The part focusing on treatment patterns included all adult patients (>18 years of age at acromegaly diagnosis) with a first acromegaly diagnosis due to a pituitary adenoma between 1 July 2005 and 31 December 2013 (the inclusion period started in July 2005 since this is the earliest time point for when data from the Swedish Prescribed Drug Register is available). Acromegaly diagnosis was defined as International Statistical Classification of Diseases and Related Health Problems-10th Revision (ICD-10) code E22.0 (acromegaly) and at least one of the ICD-10 codes D35.2 or D44.3 (neoplasm of pituitary gland), where the neoplasm diagnosis occurred up to 5 years before the first acromegaly diagnosis or any time after the acromegaly diagnosis until end of study (31 December 2013); i.e. both the acromegaly diagnosis and one of the neoplasm diagnoses were required. Patients with a specialized health care contact for acromegaly from 1 January 1987 to 1 July 2005 were excluded in order to exclude patients diagnosed with acromegaly before July 2005. Patients were categorized into subgroups based on time of diagnosis (first specialized health care contact for acromegaly (ICD-10 code E22.0) before 1 January 2010 vs on or after 1 January 2010).
The second part of the study focused on the cost-of-illness among all adult patients diagnosed with acromegaly due to a pituitary adenoma in Sweden between 1 January 1987 and 31 December 2013. The diagnostic criteria were similar to those described above: Acromegaly diagnosis was defined as ICD-10/ICD-9 code E22.0/253A with ICD-10/ICD-9 code D35.2/237A or D44.3/227D, where the neoplasm diagnosis occurred up to 5 years before the first acromegaly diagnosis or any time after diagnosis until end of study (31 December 2013); i.e. both the acromegaly diagnosis and one of the neoplasm diagnoses were required for this population as well. To avoid overestimating the costs of acromegaly and its comorbidities, patients with no specialized health care contact due to acromegaly during 2013 were not included in the study population. Patients were categorized into subgroups based on the time of their diagnosis (first specialized health care contact for acromegaly (ICD-10/ICD-9 code E22.0/253A) before 1 July 2005 vs on or after 1 July 2005).
Subgroups based on time of diagnosis were formed in order to study treatment patterns and cost-of-illness over time. The cut-offs were decided a priori and they divided each population into similarly sized subgroups.
All ICD codes registered at specialized health care visits for the patient population were reviewed and those considered related to acromegalic comorbidities were included if they were registered on or after the date of acromegaly diagnosis. The diagnostic codes for the comorbidities are listed in the Supplementary Table 1 (see section on supplementary data given at the end of this article), and the total frequencies of comorbidities are presented in Table 1.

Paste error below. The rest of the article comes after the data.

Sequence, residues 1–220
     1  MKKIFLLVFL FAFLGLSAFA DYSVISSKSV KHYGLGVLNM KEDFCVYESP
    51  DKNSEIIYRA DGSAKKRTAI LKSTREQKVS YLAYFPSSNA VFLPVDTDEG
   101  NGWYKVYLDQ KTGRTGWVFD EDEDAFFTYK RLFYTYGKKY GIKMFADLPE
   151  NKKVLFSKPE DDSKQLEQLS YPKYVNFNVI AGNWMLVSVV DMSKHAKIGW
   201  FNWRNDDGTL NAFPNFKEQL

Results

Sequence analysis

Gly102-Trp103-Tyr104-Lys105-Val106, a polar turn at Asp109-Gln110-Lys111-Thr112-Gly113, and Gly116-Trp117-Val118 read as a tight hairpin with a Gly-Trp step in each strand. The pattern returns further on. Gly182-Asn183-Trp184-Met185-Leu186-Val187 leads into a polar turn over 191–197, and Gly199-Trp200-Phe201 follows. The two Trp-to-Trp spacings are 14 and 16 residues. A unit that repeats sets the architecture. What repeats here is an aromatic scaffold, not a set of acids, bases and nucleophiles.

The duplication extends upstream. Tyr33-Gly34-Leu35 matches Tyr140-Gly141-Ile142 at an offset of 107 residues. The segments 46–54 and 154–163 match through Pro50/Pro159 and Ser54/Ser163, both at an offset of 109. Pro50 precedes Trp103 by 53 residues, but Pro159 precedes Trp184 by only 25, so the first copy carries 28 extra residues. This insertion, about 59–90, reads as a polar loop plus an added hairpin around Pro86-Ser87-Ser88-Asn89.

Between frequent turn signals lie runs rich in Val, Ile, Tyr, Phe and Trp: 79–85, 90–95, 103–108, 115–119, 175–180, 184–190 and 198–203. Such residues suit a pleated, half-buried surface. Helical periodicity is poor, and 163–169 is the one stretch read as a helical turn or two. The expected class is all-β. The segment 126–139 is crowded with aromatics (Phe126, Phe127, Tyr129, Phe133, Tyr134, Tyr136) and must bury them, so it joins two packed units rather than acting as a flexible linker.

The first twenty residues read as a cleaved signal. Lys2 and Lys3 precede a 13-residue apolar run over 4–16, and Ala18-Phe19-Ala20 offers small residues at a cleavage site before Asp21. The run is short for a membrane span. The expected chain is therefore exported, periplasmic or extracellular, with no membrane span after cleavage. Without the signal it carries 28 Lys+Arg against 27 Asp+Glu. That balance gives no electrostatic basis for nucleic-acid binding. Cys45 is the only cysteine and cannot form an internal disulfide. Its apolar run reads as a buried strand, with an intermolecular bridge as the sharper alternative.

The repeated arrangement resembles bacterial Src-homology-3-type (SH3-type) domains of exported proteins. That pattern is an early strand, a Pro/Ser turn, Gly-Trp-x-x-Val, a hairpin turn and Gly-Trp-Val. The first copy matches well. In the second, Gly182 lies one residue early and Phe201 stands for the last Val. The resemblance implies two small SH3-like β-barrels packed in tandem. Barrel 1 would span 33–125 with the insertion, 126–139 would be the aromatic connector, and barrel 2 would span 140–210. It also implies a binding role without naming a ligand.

Patient characteristics and comorbidities among patients with acromegaly in Sweden.
|Treatment patterns population (n = 358)||Cost-of-illness population (n = 529)|
|Age at diagnosis (years), mean (s.d.)||50.0 (15.3)||49.0 (12.8)|
|Sex, n (%)|
|Male||170 (47.5%)||253 (47.8%)|
|Female||188 (52.5%)||276 (52.2%)|
|Time of diagnosis, n (%)|
|Before 2010||186 (52.0)||n/a|
|On or after 2010||172 (48.0)||n/a|
|Before July 2005||n/a||294 (55.6)|
|On or after July 2005||n/a||235 (44.4)|
|Comorbidities, n (%)|
|Any complication/comorbidity||290 (81.0%)||475 (89.8%)|
|Hypertension||142 (39.7%)||257 (48.6%)|
|Neoplasms (excl. pituitary adenomas)||109 (30.4%)||231 (43.7%)|
|Hypopituitarism||80 (22.3%)||151 (28.5%)|
|Diabetes mellitus||61 (17.0%)||93 (17.6%)|
|Arthropathy||52 (14.5%)||174 (32.9%)|
|Sleep disorders||50 (14.0%)||97 (18.3%)|
|Visual field defects||39 (10.9%)||42 (7.9%)|
|Arrhythmia||35 (9.8%)||84 (15.9%)|
|Mental disorder/depression||30 (8.4%)||50 (9.5%)|
|Heart failure||22 (6.1%)||36 (6.8%)|
|Teeth and jaws||19 (5.3%)||38 (7.2%)|
|Abnormal menstruation||17 (4.7%)||36 (6.8%)|
|Headache||17 (4.7%)||34 (6.4%)|
|Ischaemic heart disease||15 (4.2%)||39 (7.4%)|
|Osteoporosis||13 (3.6%)||19 (3.6%)|
|Valvular disease||12 (3.4%)||28 (5.3%)|
|Cholelithiasis||10 (2.8%)||54 (10.2%)|
|Nasal polyps||9 (2.5%)||15 (2.8%)|
|Stroke||9 (2.5%)||29 (5.5%)|
|Arterial and capillary disease||6 (1.7%)||20 (3.8%)|
|Carpal tunnel syndrome||5 (1.4%)||19 (3.6%)|
|Colon polyps||5 (1.4%)||16 (3.0%)|
|Epilepsy||n < 5||10 (1.9%)|
|Embolism||n < 5||9 (1.7%)|
The following treatment options for acromegaly were included: surgery, radiation therapy, SSA, DA and GHRA. The start of treatment was defined as the date of the surgery or radiation therapy, or as the first purchase of the drug. The diagnostic codes for the treatments are listed in the Supplementary Table 2.
The cost-of-illness assessment encompassed direct medical costs (health care resource use and prescription drugs), direct non-medical costs (transportation in connection with health care visits), and production loss (due to sickness absence or mortality) arising due to acromegaly or its comorbidities, respectively, in Sweden during 1 January to 31 December 2013. All ICD-10 codes; procedure codes for surgical, medical or diagnostic interventions; and Anatomical Therapeutic Chemical (ATC) codes for prescription drugs, registered during 2013 were reviewed for inclusion. All included codes were attributed to either acromegaly or its comorbidities.